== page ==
Priority to the Furthest Behind

  • 1 Princeton University, Department of Woodrow Wilson School, Princeton NJ, USA
Marc Fleurbaey


The UN Resolution heralding the Sustainable Development Goals pledges to leave no one behind, and moreover “to reach the furthest behind first”. This priority echoes the priority to the worst-off that is being discussed in philosophy, economics and related disciplines, but also the pleas of many actors who represent or fight for the most disadvantaged populations. This paper argues that serious theories do support such a priority and that the best policies implementing this priority do not necessarily involve the most intuitive anti-poverty targeted measures.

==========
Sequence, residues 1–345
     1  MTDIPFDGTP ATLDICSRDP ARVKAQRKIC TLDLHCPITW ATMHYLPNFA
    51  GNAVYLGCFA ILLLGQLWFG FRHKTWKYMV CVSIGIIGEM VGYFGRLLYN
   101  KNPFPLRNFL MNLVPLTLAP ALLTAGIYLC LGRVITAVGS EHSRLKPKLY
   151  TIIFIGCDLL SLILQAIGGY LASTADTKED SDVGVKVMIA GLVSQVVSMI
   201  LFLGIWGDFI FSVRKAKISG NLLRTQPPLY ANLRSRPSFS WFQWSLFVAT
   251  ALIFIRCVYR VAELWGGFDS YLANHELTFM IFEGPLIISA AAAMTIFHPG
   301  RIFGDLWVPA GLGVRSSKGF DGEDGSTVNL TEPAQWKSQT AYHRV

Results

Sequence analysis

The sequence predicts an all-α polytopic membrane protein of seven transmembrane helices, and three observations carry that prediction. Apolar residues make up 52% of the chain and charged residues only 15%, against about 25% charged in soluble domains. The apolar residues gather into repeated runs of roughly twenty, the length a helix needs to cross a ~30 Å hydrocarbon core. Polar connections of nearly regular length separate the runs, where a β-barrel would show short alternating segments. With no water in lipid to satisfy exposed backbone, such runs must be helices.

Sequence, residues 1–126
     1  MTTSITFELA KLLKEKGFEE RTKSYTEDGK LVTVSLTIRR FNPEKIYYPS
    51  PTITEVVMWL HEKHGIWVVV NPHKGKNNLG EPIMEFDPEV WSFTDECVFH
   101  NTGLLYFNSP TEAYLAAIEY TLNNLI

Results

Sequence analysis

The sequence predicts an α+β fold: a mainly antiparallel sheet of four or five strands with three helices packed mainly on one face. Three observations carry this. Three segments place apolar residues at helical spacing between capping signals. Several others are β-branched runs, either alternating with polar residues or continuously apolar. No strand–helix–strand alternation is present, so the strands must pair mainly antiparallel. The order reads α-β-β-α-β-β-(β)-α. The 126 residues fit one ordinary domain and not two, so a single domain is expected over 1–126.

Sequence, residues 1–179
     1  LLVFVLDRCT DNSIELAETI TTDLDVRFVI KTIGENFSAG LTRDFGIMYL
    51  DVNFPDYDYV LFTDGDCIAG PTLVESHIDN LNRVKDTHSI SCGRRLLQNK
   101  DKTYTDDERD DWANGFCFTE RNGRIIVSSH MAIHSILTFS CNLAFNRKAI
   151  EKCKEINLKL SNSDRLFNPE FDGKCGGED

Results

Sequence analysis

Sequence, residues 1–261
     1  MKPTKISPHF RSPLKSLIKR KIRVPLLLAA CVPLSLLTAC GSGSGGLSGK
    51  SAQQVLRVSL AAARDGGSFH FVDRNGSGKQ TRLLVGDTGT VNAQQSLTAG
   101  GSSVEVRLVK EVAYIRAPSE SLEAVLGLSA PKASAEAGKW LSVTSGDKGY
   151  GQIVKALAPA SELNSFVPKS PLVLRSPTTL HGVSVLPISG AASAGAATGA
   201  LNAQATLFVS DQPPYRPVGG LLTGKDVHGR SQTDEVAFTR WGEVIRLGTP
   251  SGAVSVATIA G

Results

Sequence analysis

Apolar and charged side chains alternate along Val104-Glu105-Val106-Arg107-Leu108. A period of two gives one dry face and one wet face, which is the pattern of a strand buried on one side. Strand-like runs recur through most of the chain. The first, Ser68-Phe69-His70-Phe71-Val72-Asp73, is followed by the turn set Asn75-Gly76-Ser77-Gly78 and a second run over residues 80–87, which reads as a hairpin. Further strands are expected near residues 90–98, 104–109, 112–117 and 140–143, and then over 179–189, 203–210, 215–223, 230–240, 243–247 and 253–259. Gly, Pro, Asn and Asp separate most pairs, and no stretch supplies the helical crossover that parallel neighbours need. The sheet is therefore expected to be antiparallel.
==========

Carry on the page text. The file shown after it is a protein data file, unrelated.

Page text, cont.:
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The Journal of Globalization and Development (JGD) publishes academic research and policy analysis on globalization, development and the complex interactions between them. It is dedicated to stimulating a dialogue between theoretical advances and rigorous empirical studies to push forward the frontiers of development analysis and seeks to combine academic insights with the in-depth knowledge of practitioners to address important policy issues.